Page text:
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Layered Defense – The Benefits of Full Packet Capture

By February 9, 2016May 14th, 2021Cybersecurity

Continuing our series on layered defense, we are going to take a look at full packet capture.

Full packet capture (FPC) is still fairly misunderstood in the IT community. For many, FPC is synonymous with NetFlow, or simply source/destination and metadata information on packets. Others think of it as a beast that is used in conjunction with Wireshark to show a ton of indecipherable data. On the contrary, FPC is one of the most powerful practices that we can employ to give us a full, deep understanding of everything that is coming and going on a network, with the ability to look back in time.  It’s like a DVR for your network!

Getting Excited about FPC

Forgive me if my excitement about this topic shines through. As a cyber security professional, when I am investigating an incident and I have I access to full packet captures of network traffic during the time of the incident… game over. I have the ability to understand EXACTLY what happened.

Here are some high level scenarios on how FPC can help an investigation of an incident.

  • End-to-End Traffic Description. No matter how an adversary sets up a malicious website, their lies will be exposed by packets. Having a capture device sitting at the correct location on your network will be able to tell you whose traffic went where, what ports were used for connecting, and what files were requested and/or sent.
  • Data Reassembly. One of the little known facts about FPC is that you can actually reassemble entire files from packets. A good adversary will clean up after themselves, which makes it harder to discover their goals and what they took. With the power of FPC we can take a packet stream from the infected machine’s web traffic and recreate the malware that was downloaded and installed. This allows a professional to analyze the malware to help determine its intent and whether the attacker likely took other actions within the network. Data Reassembly also has the added benefit of allowing you to reconstruct data that has left your network.  You can use this as a postmortem DLP of sorts.  Re-create the data that was syphoned from your network to determine the impact of what was taken.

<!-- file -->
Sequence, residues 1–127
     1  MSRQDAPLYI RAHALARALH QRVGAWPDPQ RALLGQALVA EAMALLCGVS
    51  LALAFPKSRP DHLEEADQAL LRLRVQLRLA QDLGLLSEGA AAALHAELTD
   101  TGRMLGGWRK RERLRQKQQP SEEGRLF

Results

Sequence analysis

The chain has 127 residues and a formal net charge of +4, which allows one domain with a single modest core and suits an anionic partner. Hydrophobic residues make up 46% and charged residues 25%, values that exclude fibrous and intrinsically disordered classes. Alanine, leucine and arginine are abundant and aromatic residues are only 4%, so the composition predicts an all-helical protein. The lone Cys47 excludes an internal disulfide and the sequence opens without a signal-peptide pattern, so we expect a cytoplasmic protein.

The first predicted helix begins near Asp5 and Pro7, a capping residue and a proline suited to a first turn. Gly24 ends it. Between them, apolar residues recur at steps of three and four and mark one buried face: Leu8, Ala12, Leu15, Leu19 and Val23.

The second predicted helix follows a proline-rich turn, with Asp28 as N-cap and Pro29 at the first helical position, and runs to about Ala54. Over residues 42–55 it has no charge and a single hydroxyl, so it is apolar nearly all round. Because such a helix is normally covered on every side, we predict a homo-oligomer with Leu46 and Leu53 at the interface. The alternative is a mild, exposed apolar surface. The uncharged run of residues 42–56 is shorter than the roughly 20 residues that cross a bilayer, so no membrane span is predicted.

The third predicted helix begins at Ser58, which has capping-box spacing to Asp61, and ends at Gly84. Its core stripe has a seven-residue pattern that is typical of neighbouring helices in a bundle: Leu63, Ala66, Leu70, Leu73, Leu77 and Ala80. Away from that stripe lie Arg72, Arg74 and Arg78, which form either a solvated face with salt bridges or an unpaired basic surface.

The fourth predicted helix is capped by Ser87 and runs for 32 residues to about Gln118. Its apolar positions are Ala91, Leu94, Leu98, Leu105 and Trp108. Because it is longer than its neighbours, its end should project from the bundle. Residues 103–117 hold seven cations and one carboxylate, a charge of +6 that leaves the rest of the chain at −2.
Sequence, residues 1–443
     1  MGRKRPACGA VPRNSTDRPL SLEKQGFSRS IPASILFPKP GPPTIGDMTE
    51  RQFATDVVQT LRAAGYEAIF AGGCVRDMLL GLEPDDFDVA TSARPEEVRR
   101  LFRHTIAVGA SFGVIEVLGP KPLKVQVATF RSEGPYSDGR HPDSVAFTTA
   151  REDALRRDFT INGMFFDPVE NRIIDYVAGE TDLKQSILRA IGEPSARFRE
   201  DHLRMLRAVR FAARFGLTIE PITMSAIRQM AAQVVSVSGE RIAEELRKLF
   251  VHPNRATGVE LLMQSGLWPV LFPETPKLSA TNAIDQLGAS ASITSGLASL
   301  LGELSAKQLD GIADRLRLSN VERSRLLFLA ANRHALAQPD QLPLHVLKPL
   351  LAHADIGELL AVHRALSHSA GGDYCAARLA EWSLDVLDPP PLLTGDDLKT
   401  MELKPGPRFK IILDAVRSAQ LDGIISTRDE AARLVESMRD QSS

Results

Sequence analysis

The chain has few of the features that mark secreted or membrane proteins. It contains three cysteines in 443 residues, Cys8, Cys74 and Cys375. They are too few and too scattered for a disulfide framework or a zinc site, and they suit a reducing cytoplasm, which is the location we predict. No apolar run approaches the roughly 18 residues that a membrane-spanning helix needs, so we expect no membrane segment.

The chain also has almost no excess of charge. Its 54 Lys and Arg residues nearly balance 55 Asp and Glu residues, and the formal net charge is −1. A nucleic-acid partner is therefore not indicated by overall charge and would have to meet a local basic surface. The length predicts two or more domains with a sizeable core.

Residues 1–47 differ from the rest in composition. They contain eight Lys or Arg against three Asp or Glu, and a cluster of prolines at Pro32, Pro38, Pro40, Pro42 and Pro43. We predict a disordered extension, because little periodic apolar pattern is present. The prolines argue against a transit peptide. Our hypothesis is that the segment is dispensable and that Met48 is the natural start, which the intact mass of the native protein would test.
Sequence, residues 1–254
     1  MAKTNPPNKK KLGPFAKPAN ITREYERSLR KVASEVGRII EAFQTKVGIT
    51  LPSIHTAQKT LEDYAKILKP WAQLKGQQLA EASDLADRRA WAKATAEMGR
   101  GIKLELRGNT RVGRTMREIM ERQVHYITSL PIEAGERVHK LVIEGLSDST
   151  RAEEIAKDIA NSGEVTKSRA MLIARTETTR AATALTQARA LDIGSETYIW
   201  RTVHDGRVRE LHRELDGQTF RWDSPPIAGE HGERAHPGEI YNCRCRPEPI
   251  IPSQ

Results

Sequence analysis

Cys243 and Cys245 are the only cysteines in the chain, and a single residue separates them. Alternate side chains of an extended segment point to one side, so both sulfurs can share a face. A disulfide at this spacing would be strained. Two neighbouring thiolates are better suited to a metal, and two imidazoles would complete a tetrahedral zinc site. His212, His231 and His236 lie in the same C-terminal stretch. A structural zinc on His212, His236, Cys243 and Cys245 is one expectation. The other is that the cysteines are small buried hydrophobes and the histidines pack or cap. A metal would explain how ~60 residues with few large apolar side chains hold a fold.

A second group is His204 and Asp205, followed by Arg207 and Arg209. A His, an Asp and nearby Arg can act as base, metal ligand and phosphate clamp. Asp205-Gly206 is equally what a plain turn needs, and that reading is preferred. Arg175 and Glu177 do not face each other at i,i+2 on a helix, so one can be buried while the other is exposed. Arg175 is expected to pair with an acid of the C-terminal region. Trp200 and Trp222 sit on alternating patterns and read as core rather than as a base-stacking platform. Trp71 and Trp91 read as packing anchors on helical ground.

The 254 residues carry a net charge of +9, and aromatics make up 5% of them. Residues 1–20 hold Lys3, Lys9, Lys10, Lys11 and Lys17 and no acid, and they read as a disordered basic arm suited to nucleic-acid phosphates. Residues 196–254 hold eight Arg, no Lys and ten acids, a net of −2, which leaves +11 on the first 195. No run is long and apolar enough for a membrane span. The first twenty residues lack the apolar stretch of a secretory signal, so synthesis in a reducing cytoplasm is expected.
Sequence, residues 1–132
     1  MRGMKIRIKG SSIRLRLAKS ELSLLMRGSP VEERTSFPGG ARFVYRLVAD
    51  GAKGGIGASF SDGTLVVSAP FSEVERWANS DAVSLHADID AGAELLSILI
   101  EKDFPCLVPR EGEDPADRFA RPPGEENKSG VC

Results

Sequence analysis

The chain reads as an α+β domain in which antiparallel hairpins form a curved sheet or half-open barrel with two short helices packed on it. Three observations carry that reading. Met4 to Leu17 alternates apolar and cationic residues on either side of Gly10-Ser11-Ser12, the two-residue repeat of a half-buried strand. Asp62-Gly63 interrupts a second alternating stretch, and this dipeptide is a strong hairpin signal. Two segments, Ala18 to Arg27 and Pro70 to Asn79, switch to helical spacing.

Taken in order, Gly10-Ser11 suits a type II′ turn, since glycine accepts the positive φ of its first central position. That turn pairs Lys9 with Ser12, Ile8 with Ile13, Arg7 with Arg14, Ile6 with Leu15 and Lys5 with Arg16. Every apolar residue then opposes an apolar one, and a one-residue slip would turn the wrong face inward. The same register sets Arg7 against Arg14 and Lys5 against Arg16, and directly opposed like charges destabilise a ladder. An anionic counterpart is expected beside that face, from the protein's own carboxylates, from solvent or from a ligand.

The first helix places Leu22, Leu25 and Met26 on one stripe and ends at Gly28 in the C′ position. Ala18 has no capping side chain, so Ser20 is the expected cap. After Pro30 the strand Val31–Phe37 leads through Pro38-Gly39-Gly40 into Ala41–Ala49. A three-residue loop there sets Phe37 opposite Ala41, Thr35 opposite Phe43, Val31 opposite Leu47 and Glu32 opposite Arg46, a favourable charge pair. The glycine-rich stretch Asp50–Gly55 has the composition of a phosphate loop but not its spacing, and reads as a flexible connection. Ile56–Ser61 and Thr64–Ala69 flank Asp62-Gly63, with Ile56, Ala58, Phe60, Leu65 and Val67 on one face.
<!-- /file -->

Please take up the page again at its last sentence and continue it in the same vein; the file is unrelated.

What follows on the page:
• Man in the Middle. Sometimes connections to malicious locations, for infiltration or exfiltration, are encrypted.  Under normal circumstances, it would be essentially impossible to see what is going on inside the packets. But if you have access to the encryption keys, you can set up a dummy server and decrypt the traffic being sent from the malware. Yet another way to put the kibosh on the enemy’s advanced tactics.  (Note:  custom encryption algorithms, used very infrequently and only by the most advanced of attackers, could evade this method.  There’s no such thing as a perfect solution!)

Obviously full packet capture is a super powerful tool that can be deployed to help your network security posture, but why isn’t everyone using it? Here are some downsides that are worth noting.

  • Cost. This is probably the biggest issue for most organizations. The biggest component when it comes to the cost of a FPC solution is storage. Remember that FPC captures everything that is coming and going on your network.  That’s a lot of data! That 4GB linux distribution you downloaded – it’s in there.  Bob from Accounting’s Pandora streaming – it’s in there.  That viral video that’s making it around the IT department – it’s in there. They all take up space in your FPC system.  And just like with your DVR, you have to decide what you want to keep, or have it roll off into oblivion.  If you want to keep more time, you have to pay for more storage.  But don’t let that deter you!  Even a week of data is invaluable.
  • Experience. Packet flow analysis is more art than science.  The people who are expert at surfing the stream are specialized, talented, and somewhat hard to come by.  To take advantage of the benefits we listed above, you need to find analysts who know how to use it, or who at least have the aptitude to get in there and make it dance.
  • Exposure.  For some reason, FPC hasn’t made a big splash as a technology in the market like other security technologies. A lot of people still think of security as firewalls and anti-virus.  Then there are those who understand that those are woefully inadequate, but swear by IDS/IPS as the solution.  And then there’s the Advanced Threat Management crowd.  But there hasn’t yet been a groundswell of big press and hullaballoo.

Like many secure network services and security tools, there are a lot of reasons to get excited. And as with every countermeasure, you need to weigh the value your organization gains from the FPC with how much risk you are willing to accept.

Full Packet Capture is an invaluable layer of a proper defense-in-depth strategy. Let’s start a revolution! Embrace your packets! Know your flows!  With deeper knowledge of the past, you can effectively guard against the future.

Frank Urbanski

Author Frank Urbanski

Frank worked for 8+ years as a Software and Cyber Security Engineer within the defense industry. At Alpine Cyber Solutions Frank oversees the Security Services line of business. He has his passions set on Incident Response, Automation, and Threat Management.

More posts by Frank Urbanski

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